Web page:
Anxiety disorders adversely affect the lives of about 40 million Americans. They are plagued by insecurity, dread, persistent stress, and irrational fears. In Mindful’s December 2014 issue, noted essayist and author Barbara Graham reveals her personal story of a lifelong struggle with high anxiety, and details her expansive search for relief and peace of mind. Here’s an excerpt:
It’s midnight and I’m convinced I’ll be dead of a brain tumor by first light.
How I even know about brain tumors is a mystery. I’m six years old and no one in my small world has ever had one. Still, I’m panicking, gulping at the air, trembling beneath the covers. My mother tries to hold me and talk me down, but I’m too far gone to be comforted. Finally, near tears herself, she phones an old family friend who happens to be a world-famous neurosurgeon. Fifteen minutes later he shows up at our house and puts me through the paces of basic neurology tests—close your eyes and touch the tip of your forefinger to the tip of your nose, walk heel to toe in a straight line across the room—then he promises me I don’t have a brain tumor. I believe him—for now.
The Brain Tumor Episode was not the first—or last—time I believed I was at risk of imminent death. Worries over nuclear war, fire, kidnapping, and tse-tse flies had all come before. In college, I found my way more than once to the emergency room, certain I was dying of an MI. (I was up on the lingo for myocardial infarction, aka heart attack, and many other conditions after spending countless hours watching doctor shows.) Inevitably, the ER doc would tell me I was having a panic attack and shoot me up with valium. I can’t remember a time when I wasn’t prone to anxiety. I can’t remember a time when I haven’t wrestled with fear. In a sense, fear and anxiety have been my greatest teachers, moment by moment prompting me to come to grips with living in a body, living in the world.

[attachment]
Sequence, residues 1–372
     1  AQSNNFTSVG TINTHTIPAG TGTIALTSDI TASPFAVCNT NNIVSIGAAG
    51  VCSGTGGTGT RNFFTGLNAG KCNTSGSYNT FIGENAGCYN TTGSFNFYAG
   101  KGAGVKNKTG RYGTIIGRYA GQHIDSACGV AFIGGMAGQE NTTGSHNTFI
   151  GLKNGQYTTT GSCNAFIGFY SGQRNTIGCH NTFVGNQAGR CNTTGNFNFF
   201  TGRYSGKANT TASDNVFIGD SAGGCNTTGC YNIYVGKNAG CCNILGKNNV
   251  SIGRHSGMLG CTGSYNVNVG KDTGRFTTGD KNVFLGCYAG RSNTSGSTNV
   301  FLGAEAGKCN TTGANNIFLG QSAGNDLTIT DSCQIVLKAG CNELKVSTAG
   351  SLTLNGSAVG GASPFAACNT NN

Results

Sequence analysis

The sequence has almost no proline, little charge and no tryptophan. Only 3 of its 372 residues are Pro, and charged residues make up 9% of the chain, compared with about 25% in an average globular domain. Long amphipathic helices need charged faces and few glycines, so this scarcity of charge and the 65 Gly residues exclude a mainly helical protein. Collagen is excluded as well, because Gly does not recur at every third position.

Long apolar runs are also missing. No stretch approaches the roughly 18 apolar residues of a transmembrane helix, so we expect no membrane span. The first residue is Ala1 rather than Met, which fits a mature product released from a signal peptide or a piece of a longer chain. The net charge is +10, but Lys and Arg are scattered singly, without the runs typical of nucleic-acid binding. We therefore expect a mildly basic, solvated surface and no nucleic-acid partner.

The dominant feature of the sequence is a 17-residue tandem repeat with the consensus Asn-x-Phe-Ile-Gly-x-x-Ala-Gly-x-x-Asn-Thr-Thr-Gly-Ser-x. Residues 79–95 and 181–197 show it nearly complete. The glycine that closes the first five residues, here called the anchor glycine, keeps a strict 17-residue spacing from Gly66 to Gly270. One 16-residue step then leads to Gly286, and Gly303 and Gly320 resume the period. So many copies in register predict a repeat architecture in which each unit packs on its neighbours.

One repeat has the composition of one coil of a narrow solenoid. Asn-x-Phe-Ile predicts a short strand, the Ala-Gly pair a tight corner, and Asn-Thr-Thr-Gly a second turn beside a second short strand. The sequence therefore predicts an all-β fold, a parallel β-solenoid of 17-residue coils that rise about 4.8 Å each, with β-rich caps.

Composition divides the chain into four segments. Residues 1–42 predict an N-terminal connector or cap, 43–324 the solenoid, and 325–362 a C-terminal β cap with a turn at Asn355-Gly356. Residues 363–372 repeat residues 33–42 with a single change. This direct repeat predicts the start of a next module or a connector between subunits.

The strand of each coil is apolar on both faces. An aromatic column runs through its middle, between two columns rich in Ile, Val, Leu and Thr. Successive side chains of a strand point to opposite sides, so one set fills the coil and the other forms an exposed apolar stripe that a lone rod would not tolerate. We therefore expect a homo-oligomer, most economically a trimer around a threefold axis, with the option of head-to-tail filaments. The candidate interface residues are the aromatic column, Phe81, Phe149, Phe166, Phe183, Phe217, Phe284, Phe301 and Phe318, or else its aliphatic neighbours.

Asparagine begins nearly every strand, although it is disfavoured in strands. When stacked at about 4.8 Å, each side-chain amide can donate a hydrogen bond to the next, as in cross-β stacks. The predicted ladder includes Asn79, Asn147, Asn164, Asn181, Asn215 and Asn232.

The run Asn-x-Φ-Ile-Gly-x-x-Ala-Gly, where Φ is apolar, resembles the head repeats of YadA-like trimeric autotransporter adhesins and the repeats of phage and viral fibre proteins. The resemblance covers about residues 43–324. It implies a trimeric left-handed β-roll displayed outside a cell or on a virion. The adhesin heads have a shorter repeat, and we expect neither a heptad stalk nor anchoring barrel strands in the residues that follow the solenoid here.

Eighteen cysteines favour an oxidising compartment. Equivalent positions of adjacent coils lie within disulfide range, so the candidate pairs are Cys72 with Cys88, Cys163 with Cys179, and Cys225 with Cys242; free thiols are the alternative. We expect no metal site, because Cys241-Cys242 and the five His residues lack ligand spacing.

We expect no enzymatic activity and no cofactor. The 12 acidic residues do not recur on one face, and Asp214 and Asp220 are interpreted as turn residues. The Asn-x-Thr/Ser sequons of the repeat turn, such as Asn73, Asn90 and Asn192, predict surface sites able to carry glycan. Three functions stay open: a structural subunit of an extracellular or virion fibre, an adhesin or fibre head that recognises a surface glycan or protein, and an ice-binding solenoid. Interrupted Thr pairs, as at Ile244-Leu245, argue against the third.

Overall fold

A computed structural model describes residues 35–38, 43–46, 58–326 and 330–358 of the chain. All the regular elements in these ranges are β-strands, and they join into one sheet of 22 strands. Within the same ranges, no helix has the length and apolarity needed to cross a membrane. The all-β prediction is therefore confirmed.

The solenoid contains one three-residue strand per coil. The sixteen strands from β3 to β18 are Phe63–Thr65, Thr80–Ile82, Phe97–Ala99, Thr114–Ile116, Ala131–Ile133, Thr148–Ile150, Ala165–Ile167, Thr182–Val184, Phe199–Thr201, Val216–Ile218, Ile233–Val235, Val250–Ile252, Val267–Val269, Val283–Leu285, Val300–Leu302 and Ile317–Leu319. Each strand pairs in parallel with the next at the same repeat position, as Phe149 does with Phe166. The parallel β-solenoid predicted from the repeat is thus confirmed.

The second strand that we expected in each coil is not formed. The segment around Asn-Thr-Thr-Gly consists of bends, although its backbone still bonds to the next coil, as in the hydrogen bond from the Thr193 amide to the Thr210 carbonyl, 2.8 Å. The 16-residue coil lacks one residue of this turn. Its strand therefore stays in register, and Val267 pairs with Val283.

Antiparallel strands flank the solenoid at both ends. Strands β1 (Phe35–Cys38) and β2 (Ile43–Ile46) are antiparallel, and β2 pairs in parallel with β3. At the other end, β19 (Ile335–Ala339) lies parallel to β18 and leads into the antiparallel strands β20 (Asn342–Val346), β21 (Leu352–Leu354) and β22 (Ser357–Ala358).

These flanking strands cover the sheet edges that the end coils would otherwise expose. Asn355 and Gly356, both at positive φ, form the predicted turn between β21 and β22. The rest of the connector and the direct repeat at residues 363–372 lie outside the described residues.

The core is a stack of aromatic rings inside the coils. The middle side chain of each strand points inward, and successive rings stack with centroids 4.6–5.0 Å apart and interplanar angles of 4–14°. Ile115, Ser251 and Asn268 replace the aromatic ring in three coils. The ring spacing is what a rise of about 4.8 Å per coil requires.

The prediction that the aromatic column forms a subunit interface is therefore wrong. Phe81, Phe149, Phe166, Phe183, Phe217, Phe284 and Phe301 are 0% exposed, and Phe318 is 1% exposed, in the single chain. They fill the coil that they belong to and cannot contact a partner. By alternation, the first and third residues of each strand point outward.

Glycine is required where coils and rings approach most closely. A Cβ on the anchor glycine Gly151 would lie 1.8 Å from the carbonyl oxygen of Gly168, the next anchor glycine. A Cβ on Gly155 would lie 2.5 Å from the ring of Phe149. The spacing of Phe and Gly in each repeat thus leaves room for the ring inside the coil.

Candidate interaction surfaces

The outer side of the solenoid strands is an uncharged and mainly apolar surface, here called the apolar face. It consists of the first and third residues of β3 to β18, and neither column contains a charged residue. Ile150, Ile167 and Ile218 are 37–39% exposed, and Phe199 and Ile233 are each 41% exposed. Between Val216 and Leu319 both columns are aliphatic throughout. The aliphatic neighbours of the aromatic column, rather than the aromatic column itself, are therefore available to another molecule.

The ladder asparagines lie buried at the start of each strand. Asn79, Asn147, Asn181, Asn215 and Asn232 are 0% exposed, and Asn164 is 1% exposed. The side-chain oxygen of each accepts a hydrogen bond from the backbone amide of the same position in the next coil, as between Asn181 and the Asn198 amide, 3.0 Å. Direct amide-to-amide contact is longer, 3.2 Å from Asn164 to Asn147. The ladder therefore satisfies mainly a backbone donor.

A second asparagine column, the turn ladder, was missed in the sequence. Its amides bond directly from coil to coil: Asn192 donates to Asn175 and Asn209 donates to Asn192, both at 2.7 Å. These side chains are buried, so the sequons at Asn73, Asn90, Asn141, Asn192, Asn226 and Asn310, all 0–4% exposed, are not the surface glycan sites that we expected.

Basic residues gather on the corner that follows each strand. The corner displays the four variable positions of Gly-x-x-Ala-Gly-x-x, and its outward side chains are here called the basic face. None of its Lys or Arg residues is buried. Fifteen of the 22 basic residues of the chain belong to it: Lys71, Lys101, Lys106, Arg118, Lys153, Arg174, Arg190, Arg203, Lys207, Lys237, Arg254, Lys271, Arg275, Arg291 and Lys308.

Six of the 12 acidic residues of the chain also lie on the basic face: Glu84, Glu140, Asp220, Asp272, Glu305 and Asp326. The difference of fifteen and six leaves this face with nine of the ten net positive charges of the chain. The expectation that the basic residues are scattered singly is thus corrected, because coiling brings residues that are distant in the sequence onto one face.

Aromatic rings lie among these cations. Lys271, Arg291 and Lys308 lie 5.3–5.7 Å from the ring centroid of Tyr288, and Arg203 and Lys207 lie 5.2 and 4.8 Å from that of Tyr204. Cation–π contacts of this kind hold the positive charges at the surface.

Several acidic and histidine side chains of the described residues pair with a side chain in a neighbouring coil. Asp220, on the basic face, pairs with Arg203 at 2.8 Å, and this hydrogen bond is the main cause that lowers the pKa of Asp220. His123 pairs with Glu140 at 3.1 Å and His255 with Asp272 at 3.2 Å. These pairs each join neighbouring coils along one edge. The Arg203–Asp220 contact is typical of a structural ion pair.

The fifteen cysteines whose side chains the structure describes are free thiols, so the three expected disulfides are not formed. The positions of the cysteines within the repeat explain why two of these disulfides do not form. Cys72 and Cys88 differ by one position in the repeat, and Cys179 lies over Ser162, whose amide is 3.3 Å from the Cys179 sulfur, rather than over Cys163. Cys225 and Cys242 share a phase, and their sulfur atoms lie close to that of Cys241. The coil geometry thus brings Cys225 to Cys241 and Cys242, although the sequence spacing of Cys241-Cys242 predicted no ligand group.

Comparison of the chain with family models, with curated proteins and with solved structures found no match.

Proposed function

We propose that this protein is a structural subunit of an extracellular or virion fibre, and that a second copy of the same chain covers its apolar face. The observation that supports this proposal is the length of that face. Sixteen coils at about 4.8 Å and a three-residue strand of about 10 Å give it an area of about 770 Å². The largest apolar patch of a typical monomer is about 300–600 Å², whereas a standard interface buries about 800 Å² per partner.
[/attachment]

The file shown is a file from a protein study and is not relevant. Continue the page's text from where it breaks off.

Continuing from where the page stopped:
The Latin root of anxiety is angere, to choke or strangle—just the sort of sensation felt during a panic attack. According to the National Institute of Mental Health, anxiety disorders affect about 40 million American adults aged 18 years and older—about 18% of the population. Women are 60% more likely than men to experience an anxiety disorder over their lifetime, and a large national survey of adolescents reported that about 8% of teens ages 13-18 have an anxiety disorder, with symptoms commonly emerging around age six (Hello!). And these are only the folks who get a formal diagnosis of anxiety in one of its recognized forms: generalized anxiety disorder, obsessive-complusive disorder, social phobia and other phobias (snakes, airplanes, heights, you name it), panic disorder, and post-traumatic stress.